Xiaomi has used 8GB of fast LPDDR5 RAM, and you get either 128GB or 256GB of storage, using the UFS 3.0 standard. The company has not brought a 12GB RAM variant to India, though this option does exist in other markets. Other specifications include Wi-Fi 6, a 4780mAh battery, 30W wired as well as wireless charging (with a proprietary dock), and 10W reverse wireless charging. Interestingly, there's no 3.5mm headphone socket and no notification LED either.
With a 108-megapixel sensor, Xiaomi says you can capture incredibly fine detail Photo Credit: Xiaomi
What intrigues us further is that Xiaomi has toned its MIUI software down for the Mi 10 5G, calling it “Tier 1 Android”. The company has abandoned its own core apps, such as the phone dialler and messages apps in favour of Google's stock ones, which is surprising considering the number of customisations in these apps that Xiaomi usually boasts of. There's also the delightful promise that all advertisements, promotional notifications, bloatware, and other forms of revenue generation have been stripped out. This phone will also be one of the first to receive MIUI 12.
We're eager to review this phone's performance and put all of Xiaomi's claims to the test, especially when it comes to heat dissipation and display quality. The specifications might be impressive, but it's the user experience that matters. To that end, Xiaomi also points out a few little things – equally balanced stereo speakers, a 180Hz touch polling rate, subtle vibration alerts, a smaller-than-usual front camera hole, and a fine-grained brightness adjustment scale. We'll have a full review that covers all of this and much more, as soon as lockdown conditions allow.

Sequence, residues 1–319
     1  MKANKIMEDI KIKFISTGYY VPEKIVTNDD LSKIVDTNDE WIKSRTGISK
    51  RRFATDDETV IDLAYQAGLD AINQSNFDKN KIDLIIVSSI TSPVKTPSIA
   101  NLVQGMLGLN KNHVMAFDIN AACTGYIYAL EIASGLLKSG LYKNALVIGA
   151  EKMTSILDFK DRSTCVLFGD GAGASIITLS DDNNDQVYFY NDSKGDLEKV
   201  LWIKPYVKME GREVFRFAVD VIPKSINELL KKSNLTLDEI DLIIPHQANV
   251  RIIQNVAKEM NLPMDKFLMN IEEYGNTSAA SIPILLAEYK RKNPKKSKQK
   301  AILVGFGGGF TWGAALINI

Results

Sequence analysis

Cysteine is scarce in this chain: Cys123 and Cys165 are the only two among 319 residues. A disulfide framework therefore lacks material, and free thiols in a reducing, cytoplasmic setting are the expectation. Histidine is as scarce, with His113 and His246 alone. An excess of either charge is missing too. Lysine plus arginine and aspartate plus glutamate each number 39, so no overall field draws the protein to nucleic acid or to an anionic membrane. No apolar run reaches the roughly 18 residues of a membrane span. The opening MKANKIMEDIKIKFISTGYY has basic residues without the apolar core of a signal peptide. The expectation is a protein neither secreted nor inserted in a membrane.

Overall, the Mi 10 5G shows that Xiaomi can come up with a lot more than just budget phones. The price could be considered pretty good value considering what's on offer, and the headlining features seem to give it an edge over the recently launched OnePlus 8. Then again this isn't entirely a flagship device – it lacks an IP rating, the rear cameras are woefully unbalanced, and the screen might not be as crisp as what some of the competition offers. Xiaomi will have to find a sweet spot between full-fledged flagships and budget "flagship killers" such as the Redmi K20 Pro that cost much less.
Is Mi 10 an expensive OnePlus 8 or a budget budget S20 Ultra? We discussed this on Orbital, our weekly technology podcast, which you can subscribe to via Apple Podcasts or RSS, download the episode, or just hit the play button below.
Affiliate links may be automatically generated - see our ethics statement for details.
Jamshed Avari has been working in tech journalism as a writer, editor and reviewer for over 13 years. He has reviewed hundreds of products ranging from smartphones and tablets to PC components and accessories, and has also written guides, feature articles, news and analyses. Going beyond simple ratings and specifications, he digs deep into how emerging products and services affect actual users, and what marks they leave on our cultural landscape. He's happiest when something new comes along